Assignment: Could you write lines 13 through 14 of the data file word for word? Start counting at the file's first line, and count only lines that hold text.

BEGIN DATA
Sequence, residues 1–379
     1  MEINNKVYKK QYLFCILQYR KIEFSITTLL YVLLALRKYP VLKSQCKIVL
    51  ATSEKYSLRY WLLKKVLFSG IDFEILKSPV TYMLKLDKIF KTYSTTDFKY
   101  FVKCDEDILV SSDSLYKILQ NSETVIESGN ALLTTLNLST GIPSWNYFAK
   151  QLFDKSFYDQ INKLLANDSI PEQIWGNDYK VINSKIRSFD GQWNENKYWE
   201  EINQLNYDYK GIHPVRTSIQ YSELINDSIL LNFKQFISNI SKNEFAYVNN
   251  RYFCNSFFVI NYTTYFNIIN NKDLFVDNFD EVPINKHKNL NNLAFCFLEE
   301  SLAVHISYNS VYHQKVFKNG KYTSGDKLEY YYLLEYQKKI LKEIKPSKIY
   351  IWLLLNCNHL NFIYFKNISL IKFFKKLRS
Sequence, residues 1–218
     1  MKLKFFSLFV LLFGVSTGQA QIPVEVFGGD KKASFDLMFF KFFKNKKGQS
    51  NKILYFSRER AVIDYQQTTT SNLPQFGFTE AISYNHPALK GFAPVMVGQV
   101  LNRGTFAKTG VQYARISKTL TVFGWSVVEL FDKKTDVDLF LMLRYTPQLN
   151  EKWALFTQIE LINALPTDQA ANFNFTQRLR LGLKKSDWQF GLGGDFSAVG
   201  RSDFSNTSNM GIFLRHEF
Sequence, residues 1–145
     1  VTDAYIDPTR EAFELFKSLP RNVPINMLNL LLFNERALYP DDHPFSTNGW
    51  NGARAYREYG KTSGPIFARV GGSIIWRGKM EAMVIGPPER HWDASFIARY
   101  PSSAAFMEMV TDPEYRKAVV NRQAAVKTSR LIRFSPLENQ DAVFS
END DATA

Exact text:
   101  LNRGTFAKTG VQYARISKTL TVFGWSVVEL FDKKTDVDLF LMLRYTPQLN
   151  EKWALFTQIE LINALPTDQA ANFNFTQRLR LGLKKSDWQF GLGGDFSAVG